Treaty 2 Territory – FNT2T Life Long Learning has been reviewing literature around early years education; specifically, optimizing transition from home life to Kindergarten for little ones. All literature states that early years is a crucial stage for little ones particularly because this is the stage in life in which children have “the remarkable capacity to learn [and retain]” (Source: “The Transition to Kindergarten: A Community Approach to Integrating a Child’s Fragmented World by Beaton & McDonnell, 2013). In light of this, how do families, early childhood, programs, and schools (learning environments) that serve little ones continue their work together to ease this transition?
Most literature states that there is a discontinuity between families, early childhood, programs and schools. Often, they are not formally linked, working together, collaborating, and/or information-sharing. The discontinuity seems to exist in curriculum, teaching strategies, info-sharing, and relationships. How do these organizations (and the families) come together to share and plan?
For First Nations children, it is said “that preservation, revitalization and use of indigenous language and culture…is linked to improved educational outcomes” (Source: Preston et al, 2012, qtd. in “The Transition to Kindergarten: A Community Approach to Integrating a Child’s Fragmented World by Beaton & McDonnell, 2013). Thus, a critical component of early years planning for First Nations peoples is culture and language, and it is a component on which First Nations are certainly focused.
Literacy is a critical part of early years learning. It was said and believed that our ancestors were not literate, but that was based on Western (English) standards and perspective. We know that our ancestors were literate and intellectual. Today, many First Nations peoples wish for their young people to walk in both worlds–to revitalize and to reclaim their First Nations identity while also learning the ways of the Western world. This also rings true for early years learning. How do families, early childhood, programs, and schools work together to enhance culture and literacy in early years learning? In our literature review, one early years program implemented taking children out on the land, taking pictures of what they saw, and creating storybooks for the kids to take home to discuss with their families. They also discussed their books with one another. By creating their own books based on their own experiences, the little ones became “enamoured of reading” (Source: “Smoothing Children’s Transition into Formal Schooling…” by Maher & Bellen, 2014).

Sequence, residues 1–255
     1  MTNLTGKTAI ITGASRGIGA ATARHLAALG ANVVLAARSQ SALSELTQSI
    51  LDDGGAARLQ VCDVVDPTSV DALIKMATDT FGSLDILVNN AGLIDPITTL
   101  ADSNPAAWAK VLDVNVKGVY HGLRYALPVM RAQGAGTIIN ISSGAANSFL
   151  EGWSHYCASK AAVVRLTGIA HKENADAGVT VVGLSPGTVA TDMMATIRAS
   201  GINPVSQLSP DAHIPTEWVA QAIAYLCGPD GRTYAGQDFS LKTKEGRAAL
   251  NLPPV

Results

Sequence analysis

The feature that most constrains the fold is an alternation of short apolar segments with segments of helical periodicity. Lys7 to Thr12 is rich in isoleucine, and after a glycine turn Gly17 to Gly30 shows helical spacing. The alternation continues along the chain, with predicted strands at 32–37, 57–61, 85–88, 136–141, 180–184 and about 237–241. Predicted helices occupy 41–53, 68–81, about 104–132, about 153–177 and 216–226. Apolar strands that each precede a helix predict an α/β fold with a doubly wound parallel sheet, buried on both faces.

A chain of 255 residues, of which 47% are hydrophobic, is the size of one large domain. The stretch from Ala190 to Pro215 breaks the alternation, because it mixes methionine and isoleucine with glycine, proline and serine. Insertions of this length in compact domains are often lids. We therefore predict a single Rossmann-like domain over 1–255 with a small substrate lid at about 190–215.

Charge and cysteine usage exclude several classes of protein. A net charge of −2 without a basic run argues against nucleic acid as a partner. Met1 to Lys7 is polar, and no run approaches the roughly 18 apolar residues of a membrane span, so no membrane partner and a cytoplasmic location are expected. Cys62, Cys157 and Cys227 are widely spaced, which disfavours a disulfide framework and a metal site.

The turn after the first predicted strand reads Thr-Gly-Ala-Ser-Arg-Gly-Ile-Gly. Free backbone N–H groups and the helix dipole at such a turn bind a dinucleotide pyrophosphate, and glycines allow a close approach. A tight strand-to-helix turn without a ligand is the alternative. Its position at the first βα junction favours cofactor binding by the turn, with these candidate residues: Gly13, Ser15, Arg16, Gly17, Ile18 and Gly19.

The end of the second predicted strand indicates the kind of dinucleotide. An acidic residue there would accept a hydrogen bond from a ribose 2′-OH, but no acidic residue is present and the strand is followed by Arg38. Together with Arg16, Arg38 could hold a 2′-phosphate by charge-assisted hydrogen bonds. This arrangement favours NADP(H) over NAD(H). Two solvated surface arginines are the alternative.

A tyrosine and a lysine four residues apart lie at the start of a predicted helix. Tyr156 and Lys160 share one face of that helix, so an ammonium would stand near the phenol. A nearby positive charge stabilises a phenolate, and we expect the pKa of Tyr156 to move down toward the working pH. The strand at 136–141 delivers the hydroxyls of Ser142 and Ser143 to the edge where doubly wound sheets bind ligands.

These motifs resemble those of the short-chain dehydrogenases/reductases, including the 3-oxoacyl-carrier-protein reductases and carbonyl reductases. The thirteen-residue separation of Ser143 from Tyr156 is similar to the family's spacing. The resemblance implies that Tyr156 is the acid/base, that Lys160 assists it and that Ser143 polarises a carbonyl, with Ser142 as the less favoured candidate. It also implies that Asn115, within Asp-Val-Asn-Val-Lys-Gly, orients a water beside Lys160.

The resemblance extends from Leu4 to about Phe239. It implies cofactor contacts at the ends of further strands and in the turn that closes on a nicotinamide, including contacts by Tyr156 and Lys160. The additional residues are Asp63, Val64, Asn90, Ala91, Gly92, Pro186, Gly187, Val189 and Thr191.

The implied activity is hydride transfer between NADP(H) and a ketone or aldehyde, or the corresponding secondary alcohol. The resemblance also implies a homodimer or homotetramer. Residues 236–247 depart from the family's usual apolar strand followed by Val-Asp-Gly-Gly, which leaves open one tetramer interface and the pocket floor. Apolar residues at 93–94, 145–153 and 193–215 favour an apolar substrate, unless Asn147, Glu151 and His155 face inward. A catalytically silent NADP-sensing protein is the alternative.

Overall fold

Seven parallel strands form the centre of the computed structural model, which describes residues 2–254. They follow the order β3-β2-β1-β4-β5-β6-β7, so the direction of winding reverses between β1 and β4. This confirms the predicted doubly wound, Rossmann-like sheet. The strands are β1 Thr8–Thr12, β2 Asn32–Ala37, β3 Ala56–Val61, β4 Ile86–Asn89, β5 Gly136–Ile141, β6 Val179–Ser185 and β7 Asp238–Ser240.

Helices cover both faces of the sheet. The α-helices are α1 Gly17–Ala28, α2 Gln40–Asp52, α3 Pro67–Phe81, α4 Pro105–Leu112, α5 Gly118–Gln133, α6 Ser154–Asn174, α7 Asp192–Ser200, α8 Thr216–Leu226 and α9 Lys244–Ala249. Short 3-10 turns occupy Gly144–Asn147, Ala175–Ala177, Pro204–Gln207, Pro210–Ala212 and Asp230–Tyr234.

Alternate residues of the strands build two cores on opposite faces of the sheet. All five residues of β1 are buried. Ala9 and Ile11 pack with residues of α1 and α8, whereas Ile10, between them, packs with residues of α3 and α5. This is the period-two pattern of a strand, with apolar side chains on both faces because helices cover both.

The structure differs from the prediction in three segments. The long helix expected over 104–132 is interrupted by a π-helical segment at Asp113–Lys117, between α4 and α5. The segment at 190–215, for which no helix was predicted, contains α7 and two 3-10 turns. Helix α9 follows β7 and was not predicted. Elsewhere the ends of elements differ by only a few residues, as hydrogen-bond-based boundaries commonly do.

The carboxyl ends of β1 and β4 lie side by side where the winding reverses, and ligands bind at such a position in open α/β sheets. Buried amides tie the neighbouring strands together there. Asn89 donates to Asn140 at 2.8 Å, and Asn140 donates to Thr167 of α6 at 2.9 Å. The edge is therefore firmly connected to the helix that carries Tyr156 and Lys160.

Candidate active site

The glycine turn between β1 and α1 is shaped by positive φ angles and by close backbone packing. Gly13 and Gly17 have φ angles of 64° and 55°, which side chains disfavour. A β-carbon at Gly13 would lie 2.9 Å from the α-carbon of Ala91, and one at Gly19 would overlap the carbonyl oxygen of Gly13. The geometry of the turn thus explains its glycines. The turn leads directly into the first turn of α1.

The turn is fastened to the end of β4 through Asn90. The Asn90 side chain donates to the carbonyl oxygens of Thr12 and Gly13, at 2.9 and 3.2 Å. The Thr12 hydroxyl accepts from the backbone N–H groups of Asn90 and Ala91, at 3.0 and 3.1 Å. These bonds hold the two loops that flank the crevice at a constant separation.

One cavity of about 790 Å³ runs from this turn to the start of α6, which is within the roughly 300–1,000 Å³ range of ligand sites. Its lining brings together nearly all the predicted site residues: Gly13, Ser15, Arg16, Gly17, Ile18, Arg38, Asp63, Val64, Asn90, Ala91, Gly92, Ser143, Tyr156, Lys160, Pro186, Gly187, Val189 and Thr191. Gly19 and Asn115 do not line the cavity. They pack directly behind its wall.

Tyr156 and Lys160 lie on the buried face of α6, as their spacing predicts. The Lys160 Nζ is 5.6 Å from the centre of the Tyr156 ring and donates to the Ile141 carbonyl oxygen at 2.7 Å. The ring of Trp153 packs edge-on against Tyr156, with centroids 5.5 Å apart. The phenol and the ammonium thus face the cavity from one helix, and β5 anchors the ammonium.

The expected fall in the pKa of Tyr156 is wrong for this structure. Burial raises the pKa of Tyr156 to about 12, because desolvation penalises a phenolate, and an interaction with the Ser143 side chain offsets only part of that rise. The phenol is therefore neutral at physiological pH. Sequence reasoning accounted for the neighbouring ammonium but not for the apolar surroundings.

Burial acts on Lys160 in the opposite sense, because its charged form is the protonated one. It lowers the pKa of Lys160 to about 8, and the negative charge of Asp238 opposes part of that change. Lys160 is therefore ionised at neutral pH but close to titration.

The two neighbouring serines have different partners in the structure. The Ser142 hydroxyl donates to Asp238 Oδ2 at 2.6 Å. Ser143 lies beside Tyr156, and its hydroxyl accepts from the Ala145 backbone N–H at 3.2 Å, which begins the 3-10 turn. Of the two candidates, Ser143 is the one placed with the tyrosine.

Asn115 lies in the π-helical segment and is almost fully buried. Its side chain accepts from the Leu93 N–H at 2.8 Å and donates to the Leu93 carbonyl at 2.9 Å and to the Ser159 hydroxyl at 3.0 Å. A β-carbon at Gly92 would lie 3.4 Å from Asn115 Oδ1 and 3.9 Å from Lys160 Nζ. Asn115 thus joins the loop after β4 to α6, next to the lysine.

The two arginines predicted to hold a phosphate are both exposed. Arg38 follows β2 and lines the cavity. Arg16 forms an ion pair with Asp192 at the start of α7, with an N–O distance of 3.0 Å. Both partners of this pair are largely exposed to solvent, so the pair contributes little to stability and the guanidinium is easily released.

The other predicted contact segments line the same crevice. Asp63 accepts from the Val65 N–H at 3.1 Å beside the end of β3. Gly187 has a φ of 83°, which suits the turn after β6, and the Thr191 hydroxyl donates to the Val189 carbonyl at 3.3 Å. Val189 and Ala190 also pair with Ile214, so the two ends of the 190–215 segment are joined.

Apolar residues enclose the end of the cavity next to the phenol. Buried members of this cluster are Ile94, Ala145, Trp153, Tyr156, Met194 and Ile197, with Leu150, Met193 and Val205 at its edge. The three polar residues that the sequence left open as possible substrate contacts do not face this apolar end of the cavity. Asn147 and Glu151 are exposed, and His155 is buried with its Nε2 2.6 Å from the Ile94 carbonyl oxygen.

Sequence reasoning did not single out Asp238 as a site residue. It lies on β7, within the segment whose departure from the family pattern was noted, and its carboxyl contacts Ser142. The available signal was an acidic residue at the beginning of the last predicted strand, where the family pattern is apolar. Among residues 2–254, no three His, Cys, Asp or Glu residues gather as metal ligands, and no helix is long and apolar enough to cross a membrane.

We will continue to think about these important questions:
- How do families, early childhood, programs, and schools (learning environments) that serve little ones continue their work together to ease transition from home life to school life (prenatal to K)?
- And with that, how do families, early childhood, programs, and schools (learning environments) work together and plan to connect identity and culture (or lived experience) to literacy and learning for little ones?
Last modified: December 11, 2019